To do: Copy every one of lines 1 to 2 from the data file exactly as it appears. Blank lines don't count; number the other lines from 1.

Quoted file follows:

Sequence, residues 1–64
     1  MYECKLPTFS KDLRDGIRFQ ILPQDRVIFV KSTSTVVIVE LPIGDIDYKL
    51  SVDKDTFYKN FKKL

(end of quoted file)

Sequence, residues 1–64
     1  MYECKLPTFS KDLRDGIRFQ ILPQDRVIFV KSTSTVVIVE LPIGDIDYKL